Alec K Redfearn and the Eyesores — The Blind Spot
(Cuneiform Rune 244, 2007, CD)
by Pam Thompson, Published 2008-01-01
This album can’t be called dull — it’s intriguing, unpredictable, quirky, sometimes disturbing, and masterful. It starts with industrial sounds reminiscent of walking up stairs, moving into almost childlike vocals that are vaguely whimsical. As the CD continues, songs ebb and flow, starting with a base, adding voices and instruments in layers to an eventual resolution. There’s a simplicity here combined with a subtle complexity that works. The blend of instruments is distinctive, with moving lines against droney chords, building light and delicate musical layers one atop another, leading to endings that evolve into the next track. The drumming is light and tasty, precision oriented. Mild dissonances, harmonies, descants, rhythms all combine to completion in subtle ways that are aurally satisfying. The music is adventurous in a dark, muted way, at times dreamlike, at times nightmarish, and I kept finding myself fascinated with the vocal juxtapositions. The production is superb, with a very clean sound that showcases the voices and instruments in turn. The variety of musical influences on this CD is vast; Alec K. Redfearn has taken a plethora of musical styles (folk, cabaret, classical, circus, and Gypsy to name a few) and combined them into something that works on multiple levels. Parts meld and metamorphose, and just when it seems you can put a name to a passage or groove the music goes in a new direction, blending styles and genres with abandon. Redfearn does all of the writing for the group, which consists at various points of 15 musicians. Their unique sound is accomplished by using a wide range of instruments — glockenspiel, violin, bassoon, contrabass, accordion, hurdy-gurdy, alto sax, F horn, jawharp, guitars, bass, drums and keyboards, as well as two custom instruments: the drone hurdy-gurdy and the gong drum, the latter of which was inspired by part of Hieronymous Bosch’s painting “Garden of Earthly Delights.” There is so much going on here, but it never seems overdone or overproduced, and the end result is musical elegance. This is an amazing album.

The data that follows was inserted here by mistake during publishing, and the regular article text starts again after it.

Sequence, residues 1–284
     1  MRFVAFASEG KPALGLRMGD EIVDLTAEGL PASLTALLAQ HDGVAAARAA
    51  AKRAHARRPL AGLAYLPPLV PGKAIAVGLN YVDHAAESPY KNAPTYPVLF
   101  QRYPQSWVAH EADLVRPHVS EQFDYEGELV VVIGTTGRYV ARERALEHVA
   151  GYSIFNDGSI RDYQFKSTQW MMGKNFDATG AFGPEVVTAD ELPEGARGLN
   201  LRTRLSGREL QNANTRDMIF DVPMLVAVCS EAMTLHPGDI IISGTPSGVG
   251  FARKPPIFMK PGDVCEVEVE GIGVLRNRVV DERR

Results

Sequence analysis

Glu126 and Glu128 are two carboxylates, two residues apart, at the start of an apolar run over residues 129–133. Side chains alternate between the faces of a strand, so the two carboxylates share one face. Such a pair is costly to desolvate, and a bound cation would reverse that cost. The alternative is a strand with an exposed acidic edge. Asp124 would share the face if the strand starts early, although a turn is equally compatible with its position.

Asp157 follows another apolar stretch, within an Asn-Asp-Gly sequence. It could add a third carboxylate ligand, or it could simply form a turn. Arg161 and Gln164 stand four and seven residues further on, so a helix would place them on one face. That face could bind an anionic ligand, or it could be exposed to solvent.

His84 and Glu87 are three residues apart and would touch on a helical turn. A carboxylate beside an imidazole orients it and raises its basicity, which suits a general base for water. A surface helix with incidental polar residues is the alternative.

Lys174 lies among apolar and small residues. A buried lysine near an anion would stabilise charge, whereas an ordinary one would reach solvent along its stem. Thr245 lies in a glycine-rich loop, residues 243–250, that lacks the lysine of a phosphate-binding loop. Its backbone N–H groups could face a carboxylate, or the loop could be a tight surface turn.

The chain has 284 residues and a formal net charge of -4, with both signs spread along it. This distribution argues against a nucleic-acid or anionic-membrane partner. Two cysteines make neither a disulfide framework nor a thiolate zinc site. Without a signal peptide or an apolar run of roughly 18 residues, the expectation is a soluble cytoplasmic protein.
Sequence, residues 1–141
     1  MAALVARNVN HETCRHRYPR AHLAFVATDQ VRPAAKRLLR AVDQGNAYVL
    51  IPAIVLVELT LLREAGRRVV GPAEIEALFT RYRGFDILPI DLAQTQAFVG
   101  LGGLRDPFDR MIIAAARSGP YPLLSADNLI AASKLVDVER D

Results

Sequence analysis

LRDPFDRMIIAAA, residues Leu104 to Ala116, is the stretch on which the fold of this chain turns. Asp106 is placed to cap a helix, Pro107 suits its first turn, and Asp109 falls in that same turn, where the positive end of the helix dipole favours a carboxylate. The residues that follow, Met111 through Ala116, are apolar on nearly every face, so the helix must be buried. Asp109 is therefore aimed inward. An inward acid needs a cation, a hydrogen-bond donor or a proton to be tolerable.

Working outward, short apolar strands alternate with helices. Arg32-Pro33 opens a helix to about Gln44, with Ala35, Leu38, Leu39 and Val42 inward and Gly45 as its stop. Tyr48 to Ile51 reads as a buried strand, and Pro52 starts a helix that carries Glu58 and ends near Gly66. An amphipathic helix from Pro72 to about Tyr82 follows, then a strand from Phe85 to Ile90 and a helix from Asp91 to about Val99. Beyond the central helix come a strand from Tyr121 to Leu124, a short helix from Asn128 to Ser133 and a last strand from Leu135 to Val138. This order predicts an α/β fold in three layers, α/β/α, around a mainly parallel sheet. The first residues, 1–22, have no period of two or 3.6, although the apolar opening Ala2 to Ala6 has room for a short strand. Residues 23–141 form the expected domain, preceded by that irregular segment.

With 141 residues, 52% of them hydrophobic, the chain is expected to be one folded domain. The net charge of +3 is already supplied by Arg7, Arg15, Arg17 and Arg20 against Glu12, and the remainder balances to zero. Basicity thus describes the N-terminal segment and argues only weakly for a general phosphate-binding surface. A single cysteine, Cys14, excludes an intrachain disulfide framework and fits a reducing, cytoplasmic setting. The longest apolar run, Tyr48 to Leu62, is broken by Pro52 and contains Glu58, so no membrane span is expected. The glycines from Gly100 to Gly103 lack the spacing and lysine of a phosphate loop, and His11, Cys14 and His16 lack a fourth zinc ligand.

Related artist(s): Alec K. Redfearn
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